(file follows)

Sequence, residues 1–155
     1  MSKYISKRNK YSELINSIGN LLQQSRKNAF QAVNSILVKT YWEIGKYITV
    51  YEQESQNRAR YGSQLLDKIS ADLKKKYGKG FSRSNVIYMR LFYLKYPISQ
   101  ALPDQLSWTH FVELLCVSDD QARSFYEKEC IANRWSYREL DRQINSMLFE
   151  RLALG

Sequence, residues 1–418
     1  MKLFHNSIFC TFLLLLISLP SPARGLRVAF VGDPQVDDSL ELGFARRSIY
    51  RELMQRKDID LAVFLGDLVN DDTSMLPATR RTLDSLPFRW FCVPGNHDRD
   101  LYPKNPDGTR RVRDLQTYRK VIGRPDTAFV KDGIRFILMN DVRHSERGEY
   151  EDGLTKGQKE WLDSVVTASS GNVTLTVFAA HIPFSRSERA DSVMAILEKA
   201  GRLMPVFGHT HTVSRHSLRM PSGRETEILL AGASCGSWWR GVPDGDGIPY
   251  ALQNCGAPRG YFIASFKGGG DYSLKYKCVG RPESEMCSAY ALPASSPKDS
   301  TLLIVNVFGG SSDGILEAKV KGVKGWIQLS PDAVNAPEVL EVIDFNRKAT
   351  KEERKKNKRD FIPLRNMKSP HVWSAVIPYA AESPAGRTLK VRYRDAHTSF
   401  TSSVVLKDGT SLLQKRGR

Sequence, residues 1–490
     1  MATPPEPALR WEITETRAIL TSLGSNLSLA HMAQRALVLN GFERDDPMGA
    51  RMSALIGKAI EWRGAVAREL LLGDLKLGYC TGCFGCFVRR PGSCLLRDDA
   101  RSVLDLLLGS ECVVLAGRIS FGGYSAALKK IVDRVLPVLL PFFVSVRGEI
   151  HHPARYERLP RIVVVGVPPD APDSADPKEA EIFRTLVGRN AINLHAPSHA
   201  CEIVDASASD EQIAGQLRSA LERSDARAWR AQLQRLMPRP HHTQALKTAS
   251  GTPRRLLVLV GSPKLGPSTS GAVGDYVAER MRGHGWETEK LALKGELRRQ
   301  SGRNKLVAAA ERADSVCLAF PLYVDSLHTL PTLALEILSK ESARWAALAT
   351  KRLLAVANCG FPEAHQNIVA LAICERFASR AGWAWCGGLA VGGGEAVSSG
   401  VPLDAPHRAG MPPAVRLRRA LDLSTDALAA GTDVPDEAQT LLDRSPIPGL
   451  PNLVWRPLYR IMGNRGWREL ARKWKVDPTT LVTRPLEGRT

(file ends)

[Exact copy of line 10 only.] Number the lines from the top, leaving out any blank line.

   151  EDGLTKGQKE WLDSVVTASS GNVTLTVFAA HIPFSRSERA DSVMAILEKA